Memoriam, Voltax & Hellripper
3 metal albums I'm liking a lot right now
First things first: Burning Ambulance has moved! If you ever need to send us anything, this is our new address:
PO Box 870
Bigfork, MT 59911
Nothing is concrete yet, but it’s entirely possible that our scope of operations will expand yet again, beyond the site, the podcast, and the record label. We’ll see how things go.
Just FYI, in case you didn’t know: Montana is fucking beautiful.
• My latest jazz column is up on Stereogum; I paid tribute to Wayne Shorter, and reviewed new albums by the Necks, Rob Mazurek’s Exploding Star Orchestra, Angel Bat Dawid, Arooj Aftab/Vijay Iyer/Shahzad Ismaily, and more.
• I reviewed albums by Lull, Azonic, Éliane Radigue, Áine O’Dwyer, Kali Malone, Tangerine Dream, and Pauline Oliveros for Shfl.
Now, let’s talk METAL.
The fifth Memoriam album, Rise to Power, came out in February. Like its four predecessors, it comes wrapped in a cover painted by Dan Seagrave depicting some sort of ceremony — in this case some kind of Hellboy-ish occult military ritual.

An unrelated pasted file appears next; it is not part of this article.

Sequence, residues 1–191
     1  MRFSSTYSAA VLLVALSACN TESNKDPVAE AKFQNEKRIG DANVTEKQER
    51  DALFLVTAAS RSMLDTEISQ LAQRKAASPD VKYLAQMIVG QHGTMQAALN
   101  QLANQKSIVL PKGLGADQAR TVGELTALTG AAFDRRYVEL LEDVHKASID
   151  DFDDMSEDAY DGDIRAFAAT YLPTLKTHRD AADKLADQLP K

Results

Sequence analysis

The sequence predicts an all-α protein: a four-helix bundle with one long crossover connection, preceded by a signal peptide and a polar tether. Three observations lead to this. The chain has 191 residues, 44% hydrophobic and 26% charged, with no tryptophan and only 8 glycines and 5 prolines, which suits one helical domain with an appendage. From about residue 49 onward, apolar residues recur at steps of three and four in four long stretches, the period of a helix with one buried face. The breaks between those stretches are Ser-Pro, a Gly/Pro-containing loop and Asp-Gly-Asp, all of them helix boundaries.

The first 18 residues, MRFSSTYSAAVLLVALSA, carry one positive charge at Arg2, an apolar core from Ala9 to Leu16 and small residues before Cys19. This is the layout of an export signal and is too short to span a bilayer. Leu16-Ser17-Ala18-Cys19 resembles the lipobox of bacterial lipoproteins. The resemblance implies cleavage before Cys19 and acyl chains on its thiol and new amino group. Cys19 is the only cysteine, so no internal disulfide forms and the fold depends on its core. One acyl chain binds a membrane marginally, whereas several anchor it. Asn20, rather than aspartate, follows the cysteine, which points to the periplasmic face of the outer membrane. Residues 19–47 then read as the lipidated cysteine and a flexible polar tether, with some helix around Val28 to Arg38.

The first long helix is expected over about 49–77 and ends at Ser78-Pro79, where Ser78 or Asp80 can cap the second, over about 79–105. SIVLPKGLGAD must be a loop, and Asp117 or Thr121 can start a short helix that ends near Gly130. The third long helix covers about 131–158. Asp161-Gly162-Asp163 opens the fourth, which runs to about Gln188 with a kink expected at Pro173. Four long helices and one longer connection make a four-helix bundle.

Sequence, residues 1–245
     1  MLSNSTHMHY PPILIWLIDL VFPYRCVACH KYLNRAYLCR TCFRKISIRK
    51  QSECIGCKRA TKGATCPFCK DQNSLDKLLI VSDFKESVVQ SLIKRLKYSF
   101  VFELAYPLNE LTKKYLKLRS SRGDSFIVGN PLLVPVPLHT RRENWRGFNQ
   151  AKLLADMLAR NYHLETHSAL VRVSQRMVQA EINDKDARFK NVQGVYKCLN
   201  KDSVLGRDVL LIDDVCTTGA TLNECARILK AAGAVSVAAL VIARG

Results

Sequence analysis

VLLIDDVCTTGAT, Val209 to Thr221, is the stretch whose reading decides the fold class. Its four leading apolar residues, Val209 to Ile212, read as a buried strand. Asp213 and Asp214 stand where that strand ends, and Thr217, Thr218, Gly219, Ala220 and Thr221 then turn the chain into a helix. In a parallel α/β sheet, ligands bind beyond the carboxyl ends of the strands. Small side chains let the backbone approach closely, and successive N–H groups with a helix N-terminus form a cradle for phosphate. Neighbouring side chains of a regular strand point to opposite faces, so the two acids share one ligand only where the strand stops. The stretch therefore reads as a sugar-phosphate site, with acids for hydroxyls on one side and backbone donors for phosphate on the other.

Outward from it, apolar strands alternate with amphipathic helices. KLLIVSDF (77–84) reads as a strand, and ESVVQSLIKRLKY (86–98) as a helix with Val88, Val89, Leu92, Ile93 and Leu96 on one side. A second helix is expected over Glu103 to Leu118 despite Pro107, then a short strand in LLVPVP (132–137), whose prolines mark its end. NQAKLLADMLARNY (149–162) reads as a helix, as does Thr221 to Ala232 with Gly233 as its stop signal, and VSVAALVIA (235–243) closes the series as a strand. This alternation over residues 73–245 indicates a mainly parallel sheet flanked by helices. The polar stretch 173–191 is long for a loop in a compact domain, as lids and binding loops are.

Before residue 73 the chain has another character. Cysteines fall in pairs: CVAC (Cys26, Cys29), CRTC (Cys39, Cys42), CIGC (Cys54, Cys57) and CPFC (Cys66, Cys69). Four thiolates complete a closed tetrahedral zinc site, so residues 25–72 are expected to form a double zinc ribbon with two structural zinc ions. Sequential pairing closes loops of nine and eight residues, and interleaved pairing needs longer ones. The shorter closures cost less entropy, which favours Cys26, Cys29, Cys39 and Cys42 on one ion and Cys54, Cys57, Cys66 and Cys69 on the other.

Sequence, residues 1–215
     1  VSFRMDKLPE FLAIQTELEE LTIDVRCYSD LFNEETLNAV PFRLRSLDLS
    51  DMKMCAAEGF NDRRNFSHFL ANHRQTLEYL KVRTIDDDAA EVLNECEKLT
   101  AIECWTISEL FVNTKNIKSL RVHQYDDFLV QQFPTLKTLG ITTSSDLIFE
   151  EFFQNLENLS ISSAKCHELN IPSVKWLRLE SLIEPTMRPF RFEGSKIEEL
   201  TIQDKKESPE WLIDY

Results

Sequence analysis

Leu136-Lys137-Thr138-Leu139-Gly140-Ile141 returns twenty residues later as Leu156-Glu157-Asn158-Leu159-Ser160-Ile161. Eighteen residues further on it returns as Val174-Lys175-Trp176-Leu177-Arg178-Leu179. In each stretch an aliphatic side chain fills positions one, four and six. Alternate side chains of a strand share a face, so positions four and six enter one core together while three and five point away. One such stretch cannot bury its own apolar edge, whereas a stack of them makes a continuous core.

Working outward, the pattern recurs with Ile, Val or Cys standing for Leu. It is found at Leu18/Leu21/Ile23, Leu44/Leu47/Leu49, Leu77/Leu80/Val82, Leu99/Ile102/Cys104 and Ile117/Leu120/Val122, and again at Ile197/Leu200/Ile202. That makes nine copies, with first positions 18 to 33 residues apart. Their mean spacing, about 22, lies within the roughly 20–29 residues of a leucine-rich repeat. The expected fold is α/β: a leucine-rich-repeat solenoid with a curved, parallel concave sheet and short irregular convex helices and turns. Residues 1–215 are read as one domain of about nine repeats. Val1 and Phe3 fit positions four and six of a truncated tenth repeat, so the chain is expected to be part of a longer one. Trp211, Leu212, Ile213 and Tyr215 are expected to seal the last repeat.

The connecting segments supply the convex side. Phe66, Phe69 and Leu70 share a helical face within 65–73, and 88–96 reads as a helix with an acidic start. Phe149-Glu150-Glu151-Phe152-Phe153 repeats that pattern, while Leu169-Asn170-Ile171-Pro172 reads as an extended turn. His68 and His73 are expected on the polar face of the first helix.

Memoriam are a death metal band featuring ex-Bolt Thrower vocalist Karl Willetts, ex-Benediction and Cerebral Fix bassist Frank Healy, and guitarist Scott Fairfax. Their original drummer, Andrew Whale, was also a member of Bolt Thrower from 1986 to 1994, leaving after their fifth album …For Victory. He left Memoriam in 2020, and on 2021’s To the End and the new album, Spikey T. Smith, a journeyman/hired gun who’s played with everyone from the English Dogs to Sacrilege to Killing Joke to H.R. of Bad Brains and even Morrissey, is behind the kit.